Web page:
On Wednesday, dELiA*s
As for third-quarter details, there was strength in all areas with the exception of the company's Alloy brand. Revenues were up 12% over the third quarter of 2005 at $67.5 million, slightly lower than what analysts expected -- $68.2 million. The retail and direct segment contributed 26% and 4.5%, respectively, to total revenue growth. Earnings were up 83% to $0.11 per diluted share, $0.03 higher than the top range of analysts' estimates. The higher profits were driven by productivity gains in the direct business and increased operating leverage at the retail business.
Operating leverage benefited from a late surge in same-store sales for October, netting a 5% gain for the three months. Gross margins were also up 120 basis points to 41.7% from the third quarter of 2005, showing continued strength in its recent shift in product mix. However, in the conference call, CFO John Holowko Jr. noted that 70 basis points of gross margin improvement over third-quarter 2005 were due to a change in accounting, which should reverse itself in the fourth quarter.
Still, management believes that margins will benefit from several productivity initiatives that will take hold in fiscal 2007. Furthermore, the company continues to show commitment to profitability by closing underperforming stores. dELiA*s will also close its two outlet stores, which should bolster profit margins.
The "ifs" and "ands"
If management continues to expand margins and comes through with its plan of 25% annual square footage growth, this could be an interesting investment story. With only 71 stores, there's plenty of room to grow in the channel. And margins have the potential to expand when compared to the competition. Gross margins at dELiA*s retail segment, which were 32.4% for the quarter, are similar to Hot Topic's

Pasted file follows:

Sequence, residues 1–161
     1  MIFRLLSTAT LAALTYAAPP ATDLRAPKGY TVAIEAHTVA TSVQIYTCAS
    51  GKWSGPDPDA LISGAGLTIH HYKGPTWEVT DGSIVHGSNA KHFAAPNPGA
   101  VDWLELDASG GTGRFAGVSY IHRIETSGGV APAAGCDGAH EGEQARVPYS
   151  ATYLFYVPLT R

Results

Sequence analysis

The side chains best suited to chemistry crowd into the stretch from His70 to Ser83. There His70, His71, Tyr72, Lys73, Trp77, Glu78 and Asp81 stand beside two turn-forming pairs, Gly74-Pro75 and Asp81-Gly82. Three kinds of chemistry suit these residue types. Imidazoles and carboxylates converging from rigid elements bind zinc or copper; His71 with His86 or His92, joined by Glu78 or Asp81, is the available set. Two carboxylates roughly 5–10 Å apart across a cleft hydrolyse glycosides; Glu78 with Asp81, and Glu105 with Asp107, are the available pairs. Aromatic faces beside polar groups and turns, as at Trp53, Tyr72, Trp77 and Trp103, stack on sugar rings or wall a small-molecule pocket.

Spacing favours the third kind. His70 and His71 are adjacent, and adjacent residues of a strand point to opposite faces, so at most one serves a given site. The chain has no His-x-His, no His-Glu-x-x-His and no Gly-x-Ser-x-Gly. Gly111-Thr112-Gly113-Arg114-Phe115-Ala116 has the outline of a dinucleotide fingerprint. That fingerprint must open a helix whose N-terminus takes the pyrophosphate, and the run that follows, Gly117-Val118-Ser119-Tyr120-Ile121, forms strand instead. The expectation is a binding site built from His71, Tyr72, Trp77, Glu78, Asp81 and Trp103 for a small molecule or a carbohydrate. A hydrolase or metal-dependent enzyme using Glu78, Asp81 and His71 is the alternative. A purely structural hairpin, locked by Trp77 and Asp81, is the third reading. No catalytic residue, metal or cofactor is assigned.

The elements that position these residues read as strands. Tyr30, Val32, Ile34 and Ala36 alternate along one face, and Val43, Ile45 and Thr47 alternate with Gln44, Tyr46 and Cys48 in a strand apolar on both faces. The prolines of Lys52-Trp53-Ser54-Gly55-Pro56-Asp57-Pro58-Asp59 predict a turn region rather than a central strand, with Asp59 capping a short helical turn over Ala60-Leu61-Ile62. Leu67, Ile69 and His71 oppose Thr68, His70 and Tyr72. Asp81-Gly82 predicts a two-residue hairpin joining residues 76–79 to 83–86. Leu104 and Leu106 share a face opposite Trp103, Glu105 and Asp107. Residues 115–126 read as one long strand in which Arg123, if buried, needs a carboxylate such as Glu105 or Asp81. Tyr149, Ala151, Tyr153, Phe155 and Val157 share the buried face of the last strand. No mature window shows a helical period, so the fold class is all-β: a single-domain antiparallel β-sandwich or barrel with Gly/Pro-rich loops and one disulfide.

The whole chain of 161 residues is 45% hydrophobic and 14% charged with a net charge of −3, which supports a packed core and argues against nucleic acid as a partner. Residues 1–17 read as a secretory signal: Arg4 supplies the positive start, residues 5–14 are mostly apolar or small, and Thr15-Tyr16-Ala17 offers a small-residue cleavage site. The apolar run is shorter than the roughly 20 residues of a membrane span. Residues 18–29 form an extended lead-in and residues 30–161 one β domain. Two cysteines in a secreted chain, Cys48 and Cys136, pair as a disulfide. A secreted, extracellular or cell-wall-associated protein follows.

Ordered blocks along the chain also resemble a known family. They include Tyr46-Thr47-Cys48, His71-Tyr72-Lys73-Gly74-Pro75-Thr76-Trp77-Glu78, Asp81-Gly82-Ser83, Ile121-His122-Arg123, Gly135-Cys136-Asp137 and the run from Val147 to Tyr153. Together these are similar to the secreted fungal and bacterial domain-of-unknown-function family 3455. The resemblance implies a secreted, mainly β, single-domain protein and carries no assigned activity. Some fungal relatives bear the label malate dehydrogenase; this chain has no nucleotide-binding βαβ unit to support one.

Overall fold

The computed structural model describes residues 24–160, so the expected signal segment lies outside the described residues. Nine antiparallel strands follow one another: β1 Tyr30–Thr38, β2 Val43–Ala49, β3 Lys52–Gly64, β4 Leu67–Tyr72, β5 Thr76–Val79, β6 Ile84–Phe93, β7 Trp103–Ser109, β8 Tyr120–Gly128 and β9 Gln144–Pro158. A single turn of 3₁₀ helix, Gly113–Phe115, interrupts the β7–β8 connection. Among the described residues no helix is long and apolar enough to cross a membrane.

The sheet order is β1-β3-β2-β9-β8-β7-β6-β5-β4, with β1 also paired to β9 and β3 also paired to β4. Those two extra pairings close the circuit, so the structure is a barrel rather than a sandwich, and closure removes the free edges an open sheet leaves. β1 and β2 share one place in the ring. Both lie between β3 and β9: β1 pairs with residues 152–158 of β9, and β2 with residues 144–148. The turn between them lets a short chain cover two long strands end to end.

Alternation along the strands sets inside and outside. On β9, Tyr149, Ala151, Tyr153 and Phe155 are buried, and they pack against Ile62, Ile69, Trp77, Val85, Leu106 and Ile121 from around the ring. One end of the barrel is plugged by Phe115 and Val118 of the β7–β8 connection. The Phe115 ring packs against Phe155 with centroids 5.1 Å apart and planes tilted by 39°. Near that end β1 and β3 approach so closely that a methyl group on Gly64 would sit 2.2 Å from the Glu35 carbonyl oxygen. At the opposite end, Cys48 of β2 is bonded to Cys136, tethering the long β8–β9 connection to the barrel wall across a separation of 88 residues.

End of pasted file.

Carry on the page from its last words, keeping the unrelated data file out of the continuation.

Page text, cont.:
But I'm less positive about the short-term shareholder dilution from the outstanding warrants and stock option grants, which, with the recent run-up in share price, have many people now in the money. Lastly, the volatility alone in dELiA*s' stock price since its 2005 IPO would test an investor's constitution.
For this value investor, the "buts" win out for now, but if the stock price retreats and the story hasn't changed, I might sing a different tune.
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Fool contributor Matthew Crews welcomes your feedback -- really! He has a financial position in American Eagle Outfitters but in none of the other companies mentioned in this article. The Motley Fool has an ironclad disclosure policy.